Do you remember what Snow White’s wicked stepmother considered most important? Right – that she be known as “the most beautiful of all.” And how was that kind of ‘beauty’ defined? Right again – looks. So how did the mirror answer the Queen’s question: “Magic Mirror on the wall / Who’s the Fairest of them all?
You, my Queen. You.
Queenie was insecure and needed validation. How little times have changed.
I thought the hard set of the Queen’s face and the sharp angles in the original animated version bespoke her evil nature. The ugliness underneath couldn’t be contained. No matter how often she asked, she could never achieve the beauty Snow White possessed without even trying.
Despite how we feel about it, we are all destined to age. When you’re young, “older” signals maturity, responsibility, privileges, the ability to drive, vote – the list goes on. We welcome those aspects of getting older – at least until we get that unsolicited mail that says we’re now eligible to join AARP. What? At 50? When did 50 become equated with “old Age,” turning us into “Senior Citizens”?
When I hit 50 and found an invitation to join AARP in my mailbox, I unceremoniously tossed it into the wastebasket. I wasn’t “old” – as in the traditional image of a senior citizen that came to mind, the one from my childhood that looked like my own beloved grandmother: shorter than she once was, with wrinkly skin, short graying hair, minus a well-defined lap, never without an apron and her arms up to her elbows in flour and dough, and always singing me lullabies and reading me stories. No, I was not about to “go there.” Not at 50. I was a grandmother, too, but went ice-skating and ballroom dancing with my granddaughter. I read and sang to her, and we did lots of mother-daughter kinds of things, too. There was no line between between Kearsti and me that said, Hey you’re a grandma; you can’t do these things anymore. No line that said “you’re old now, give it a rest.”
But the invites kept coming, and around 60 my husband, Bill, reconsidered that membership offer on my behalf, without my knowledge. Discovery that I had joined and was now a card-carrying member came with the arrival of my official AARP card in the mail. Was Bill trying to push me over that demarcation line because he wanted company on its other side?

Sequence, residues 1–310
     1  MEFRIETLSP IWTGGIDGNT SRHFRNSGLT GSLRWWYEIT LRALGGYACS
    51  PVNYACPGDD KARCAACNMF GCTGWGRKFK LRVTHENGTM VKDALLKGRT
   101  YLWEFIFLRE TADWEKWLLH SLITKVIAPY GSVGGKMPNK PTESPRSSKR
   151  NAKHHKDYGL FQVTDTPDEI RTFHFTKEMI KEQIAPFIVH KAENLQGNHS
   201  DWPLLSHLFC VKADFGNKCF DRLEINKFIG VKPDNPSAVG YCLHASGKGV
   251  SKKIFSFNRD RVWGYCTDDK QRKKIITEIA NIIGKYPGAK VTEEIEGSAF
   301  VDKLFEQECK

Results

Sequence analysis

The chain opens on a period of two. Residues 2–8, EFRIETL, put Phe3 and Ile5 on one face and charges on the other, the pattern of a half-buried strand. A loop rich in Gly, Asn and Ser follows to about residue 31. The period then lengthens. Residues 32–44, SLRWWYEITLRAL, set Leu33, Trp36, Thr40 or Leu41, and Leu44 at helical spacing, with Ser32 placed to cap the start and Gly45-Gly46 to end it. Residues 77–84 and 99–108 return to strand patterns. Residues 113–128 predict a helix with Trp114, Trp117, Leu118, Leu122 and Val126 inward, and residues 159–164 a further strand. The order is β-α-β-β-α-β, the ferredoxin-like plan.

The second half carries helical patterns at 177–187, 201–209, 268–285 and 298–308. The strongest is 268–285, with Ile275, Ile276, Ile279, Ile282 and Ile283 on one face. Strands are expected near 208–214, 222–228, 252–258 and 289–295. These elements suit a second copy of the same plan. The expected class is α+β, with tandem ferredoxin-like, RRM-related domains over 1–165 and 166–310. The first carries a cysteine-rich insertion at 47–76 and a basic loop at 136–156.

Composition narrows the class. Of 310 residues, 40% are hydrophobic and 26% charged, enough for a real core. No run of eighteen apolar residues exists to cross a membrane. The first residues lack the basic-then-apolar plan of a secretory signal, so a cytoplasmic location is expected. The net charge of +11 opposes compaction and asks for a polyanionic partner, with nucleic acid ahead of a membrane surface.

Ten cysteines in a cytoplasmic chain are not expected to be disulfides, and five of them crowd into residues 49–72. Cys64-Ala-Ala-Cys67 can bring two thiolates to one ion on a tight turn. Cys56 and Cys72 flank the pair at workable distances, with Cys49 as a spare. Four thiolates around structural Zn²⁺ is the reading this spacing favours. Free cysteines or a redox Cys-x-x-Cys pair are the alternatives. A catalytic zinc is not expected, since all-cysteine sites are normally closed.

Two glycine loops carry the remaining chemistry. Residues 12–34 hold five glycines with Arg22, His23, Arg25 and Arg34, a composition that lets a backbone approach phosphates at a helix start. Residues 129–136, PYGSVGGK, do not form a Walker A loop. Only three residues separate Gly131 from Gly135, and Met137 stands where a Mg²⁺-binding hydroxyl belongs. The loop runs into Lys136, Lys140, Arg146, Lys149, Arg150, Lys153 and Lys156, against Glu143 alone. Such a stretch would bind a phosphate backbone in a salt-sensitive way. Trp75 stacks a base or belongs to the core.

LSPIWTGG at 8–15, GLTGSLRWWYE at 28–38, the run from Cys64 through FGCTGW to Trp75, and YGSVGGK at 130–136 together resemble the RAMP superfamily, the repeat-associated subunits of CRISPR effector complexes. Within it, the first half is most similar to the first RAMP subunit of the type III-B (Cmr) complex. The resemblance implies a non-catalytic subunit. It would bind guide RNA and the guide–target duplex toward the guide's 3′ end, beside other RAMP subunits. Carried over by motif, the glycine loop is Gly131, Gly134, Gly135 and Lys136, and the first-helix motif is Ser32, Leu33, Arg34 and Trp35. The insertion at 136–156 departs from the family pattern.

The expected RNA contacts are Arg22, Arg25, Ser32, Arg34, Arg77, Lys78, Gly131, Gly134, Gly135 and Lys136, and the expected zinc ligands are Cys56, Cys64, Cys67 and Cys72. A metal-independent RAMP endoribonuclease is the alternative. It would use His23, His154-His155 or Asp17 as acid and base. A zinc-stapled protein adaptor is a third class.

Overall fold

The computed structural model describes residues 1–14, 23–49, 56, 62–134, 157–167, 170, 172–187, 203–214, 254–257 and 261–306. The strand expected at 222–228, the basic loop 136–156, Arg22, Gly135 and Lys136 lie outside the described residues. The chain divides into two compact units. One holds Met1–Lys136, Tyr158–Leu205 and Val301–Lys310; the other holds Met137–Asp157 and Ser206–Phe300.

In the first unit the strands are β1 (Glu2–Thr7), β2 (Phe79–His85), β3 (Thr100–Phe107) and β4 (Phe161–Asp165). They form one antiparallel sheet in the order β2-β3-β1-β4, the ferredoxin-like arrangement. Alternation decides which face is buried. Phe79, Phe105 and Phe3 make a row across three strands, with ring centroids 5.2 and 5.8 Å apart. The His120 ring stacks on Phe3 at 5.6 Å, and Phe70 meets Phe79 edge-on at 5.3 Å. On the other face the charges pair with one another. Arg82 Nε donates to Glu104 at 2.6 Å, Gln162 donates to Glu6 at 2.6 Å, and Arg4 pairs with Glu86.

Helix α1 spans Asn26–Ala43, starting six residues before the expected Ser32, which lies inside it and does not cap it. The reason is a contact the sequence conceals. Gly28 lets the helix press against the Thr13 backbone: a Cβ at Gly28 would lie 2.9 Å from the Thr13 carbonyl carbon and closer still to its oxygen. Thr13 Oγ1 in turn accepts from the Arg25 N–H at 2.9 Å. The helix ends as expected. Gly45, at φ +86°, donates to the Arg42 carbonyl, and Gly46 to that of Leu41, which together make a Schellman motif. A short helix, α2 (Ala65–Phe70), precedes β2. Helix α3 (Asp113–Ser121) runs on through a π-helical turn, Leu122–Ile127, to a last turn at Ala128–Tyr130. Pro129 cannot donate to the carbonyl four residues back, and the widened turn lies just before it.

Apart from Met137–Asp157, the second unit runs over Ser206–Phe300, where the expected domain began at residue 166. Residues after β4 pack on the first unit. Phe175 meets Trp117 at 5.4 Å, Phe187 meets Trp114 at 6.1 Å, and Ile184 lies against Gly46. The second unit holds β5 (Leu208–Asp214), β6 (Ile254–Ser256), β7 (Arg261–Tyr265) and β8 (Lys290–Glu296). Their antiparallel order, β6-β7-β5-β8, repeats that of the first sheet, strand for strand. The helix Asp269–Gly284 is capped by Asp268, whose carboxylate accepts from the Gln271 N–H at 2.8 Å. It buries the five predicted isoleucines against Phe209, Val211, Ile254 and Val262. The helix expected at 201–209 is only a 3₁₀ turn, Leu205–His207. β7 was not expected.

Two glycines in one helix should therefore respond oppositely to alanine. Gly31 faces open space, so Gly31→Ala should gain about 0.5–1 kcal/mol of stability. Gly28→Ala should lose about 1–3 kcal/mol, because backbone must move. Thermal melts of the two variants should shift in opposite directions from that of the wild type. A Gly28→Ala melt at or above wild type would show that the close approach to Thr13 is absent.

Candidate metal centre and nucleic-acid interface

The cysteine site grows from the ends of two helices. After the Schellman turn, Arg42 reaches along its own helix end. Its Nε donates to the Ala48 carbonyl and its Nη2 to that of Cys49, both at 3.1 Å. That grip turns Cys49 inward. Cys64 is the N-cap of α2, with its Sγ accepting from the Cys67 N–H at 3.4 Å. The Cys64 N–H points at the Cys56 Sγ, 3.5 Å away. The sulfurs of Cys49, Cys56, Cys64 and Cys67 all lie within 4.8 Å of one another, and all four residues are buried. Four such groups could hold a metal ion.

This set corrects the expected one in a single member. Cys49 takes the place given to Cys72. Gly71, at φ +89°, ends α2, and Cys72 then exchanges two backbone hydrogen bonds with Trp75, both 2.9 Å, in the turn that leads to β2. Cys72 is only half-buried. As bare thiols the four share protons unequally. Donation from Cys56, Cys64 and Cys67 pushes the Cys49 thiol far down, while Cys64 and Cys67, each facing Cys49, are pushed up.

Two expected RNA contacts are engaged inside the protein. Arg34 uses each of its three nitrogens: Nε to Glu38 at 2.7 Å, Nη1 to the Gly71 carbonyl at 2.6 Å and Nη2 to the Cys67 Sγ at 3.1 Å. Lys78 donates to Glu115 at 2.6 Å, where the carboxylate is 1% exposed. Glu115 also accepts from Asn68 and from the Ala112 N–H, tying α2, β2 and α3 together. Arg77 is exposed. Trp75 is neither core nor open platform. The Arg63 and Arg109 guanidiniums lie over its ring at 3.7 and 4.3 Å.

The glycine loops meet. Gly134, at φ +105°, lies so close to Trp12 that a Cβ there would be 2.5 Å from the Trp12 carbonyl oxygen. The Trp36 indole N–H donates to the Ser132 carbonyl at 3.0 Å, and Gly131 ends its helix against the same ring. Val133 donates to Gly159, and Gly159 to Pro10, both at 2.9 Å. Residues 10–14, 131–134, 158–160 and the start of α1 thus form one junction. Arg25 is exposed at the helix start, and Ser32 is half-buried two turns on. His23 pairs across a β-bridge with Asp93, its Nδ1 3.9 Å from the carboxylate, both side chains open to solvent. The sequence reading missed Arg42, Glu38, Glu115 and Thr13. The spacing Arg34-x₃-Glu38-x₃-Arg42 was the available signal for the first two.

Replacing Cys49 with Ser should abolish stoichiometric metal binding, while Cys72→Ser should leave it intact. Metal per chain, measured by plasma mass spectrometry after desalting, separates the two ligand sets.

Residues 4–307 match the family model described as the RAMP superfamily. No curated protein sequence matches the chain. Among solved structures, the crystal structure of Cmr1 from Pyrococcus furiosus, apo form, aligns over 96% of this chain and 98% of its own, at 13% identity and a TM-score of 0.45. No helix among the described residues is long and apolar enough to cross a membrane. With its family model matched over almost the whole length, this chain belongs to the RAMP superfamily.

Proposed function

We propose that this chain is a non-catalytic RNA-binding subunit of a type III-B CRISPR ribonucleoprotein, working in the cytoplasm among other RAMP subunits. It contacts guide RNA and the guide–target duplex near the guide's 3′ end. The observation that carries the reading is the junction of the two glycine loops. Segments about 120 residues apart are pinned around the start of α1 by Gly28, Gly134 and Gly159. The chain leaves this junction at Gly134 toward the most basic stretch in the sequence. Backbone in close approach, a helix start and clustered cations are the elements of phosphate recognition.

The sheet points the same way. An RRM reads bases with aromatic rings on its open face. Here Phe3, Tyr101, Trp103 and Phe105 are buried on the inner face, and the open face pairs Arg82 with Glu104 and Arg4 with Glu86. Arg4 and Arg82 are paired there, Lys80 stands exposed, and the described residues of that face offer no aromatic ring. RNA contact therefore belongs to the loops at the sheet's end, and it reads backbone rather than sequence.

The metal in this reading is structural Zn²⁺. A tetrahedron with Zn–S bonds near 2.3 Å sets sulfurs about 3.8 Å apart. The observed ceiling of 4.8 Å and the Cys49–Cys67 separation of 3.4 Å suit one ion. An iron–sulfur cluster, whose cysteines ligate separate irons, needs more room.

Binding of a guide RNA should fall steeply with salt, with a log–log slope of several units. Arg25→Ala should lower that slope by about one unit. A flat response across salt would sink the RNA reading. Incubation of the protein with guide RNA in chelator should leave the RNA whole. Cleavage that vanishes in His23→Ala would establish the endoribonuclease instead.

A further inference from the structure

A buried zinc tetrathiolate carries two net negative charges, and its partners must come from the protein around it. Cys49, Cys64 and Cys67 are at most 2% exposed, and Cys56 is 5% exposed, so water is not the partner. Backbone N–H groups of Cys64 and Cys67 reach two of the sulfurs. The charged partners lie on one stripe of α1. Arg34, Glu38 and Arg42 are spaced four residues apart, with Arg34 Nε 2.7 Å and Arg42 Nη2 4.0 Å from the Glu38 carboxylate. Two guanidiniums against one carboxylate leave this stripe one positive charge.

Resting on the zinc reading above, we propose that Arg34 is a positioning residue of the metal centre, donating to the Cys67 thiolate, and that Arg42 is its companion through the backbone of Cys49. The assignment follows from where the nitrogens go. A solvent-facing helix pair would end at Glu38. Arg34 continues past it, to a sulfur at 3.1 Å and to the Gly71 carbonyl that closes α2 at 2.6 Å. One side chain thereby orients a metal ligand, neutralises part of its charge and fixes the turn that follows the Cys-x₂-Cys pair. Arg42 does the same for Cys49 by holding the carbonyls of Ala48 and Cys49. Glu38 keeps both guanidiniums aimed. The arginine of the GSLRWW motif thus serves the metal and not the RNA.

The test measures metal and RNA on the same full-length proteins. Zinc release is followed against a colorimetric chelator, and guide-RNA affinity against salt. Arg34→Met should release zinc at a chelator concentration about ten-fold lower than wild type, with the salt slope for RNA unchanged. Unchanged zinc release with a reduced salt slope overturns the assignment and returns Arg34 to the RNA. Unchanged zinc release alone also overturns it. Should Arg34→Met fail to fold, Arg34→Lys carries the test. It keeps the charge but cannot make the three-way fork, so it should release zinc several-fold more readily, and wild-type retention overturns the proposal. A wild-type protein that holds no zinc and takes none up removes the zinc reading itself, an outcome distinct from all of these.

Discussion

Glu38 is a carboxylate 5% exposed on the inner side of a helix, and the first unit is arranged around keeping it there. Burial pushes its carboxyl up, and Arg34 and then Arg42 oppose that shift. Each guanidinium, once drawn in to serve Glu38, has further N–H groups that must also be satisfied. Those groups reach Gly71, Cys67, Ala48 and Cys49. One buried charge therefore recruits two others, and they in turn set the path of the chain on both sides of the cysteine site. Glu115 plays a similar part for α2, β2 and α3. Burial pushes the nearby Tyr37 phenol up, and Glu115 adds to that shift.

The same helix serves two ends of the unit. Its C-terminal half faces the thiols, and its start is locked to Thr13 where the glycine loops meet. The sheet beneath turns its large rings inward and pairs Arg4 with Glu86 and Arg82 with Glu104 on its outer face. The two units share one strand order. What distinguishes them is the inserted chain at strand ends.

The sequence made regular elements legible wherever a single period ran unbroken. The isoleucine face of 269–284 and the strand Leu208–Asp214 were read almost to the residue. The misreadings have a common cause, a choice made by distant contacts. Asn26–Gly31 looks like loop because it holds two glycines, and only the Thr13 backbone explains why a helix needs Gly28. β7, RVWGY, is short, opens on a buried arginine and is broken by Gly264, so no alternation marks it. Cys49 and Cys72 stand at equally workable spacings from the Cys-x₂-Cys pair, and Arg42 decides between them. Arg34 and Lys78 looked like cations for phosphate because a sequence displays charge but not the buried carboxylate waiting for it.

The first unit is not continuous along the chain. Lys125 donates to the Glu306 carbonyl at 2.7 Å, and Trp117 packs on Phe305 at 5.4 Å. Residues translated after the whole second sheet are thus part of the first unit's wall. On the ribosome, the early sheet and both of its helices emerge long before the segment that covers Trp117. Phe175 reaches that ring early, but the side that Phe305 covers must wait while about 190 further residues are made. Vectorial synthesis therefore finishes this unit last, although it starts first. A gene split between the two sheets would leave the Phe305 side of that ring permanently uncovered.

Membership in AARP does have some advantages – saving money on all kinds of things from meals to hotels. And we do like to travel. The more we can save, the more we can go. But still – a card-carrying member of an organization of seniors – at 50? I recently refused an invitation for a potluck picnic at the lake because it was for “The Over 55s.” Frankly, I do not see the need for people to label themselves in this way. I might be there, chronologically, but I don’t feel any differently than when I was, say 40. And if you must know, yes, I am clinging to that. And I realize that AARP has no small measure of clout in the political arena either, though I don’t exercise my rights as a member. I’m still a busy person – still busy, like I was at 40.
I guess I still pretty much ignore the whole thing. Denial – pure and simple. Ok?
No one that I know really wants to “go gentle into that good night” and, in fact, Dylan Thomas tells us not to. It sounds good on paper, and it might be psychologically better for us to do so, but the fact is that many of us find ourselves kicking and screaming, fighting the inevitable changes that come with that long runway to the end of our days. And many of us fight them every single step of the way.
I never thought much about the changes that come with aging and even now, on the low end of my sixties, that hasn’t changed. But it doesn’t mean I’m blind to a few subtle changes when I look at my own reflection in the mirror – nor that I don’t wish I actually were 40 again.
But one thing is certain: if you’re constantly fighting the changes that come as you get older, acceptance of this stage of the lifecycle will elude you. And so will some of its benefits – hard to believe, but it does have benefits. Acceptance heralds peace of mind that allows you to appreciate not just what life offers at every age, but who you are, and what you have to offer others by virtue of the experience you’ve accumulated over the course of those years.
Of course we “rage against the dying of the light” – who wouldn’t want a few more minutes, more days, more years? Minutes, days, and years, that is, spent with beautiful faces and bodies to match. Minutes, days, and years that would still allow us to do what they did before – and still feel good afterward. It would be nice to have “the face that launched a thousand ships,” even after all this time, but to invoke an old cliché, time marches on.
Yeah, well, it takes prisoners, too, dragging new wrinkles, increased fatigue, and more aches and pains along with it with each new year that stampedes past us.
Acceptance is key – the fact that you are aging, and accommodating the changes in your body, finding a way to accept and work with “that which [we] can not change,” your life and the lives of those around you will be all the richer for it.
And when you ask that question the wicked Queen asked, in her search for reassurance –
Mirror, mirror on the wall
Who’s the fairest of them all?
You may find, in the end, that the fairest of all might just be – you.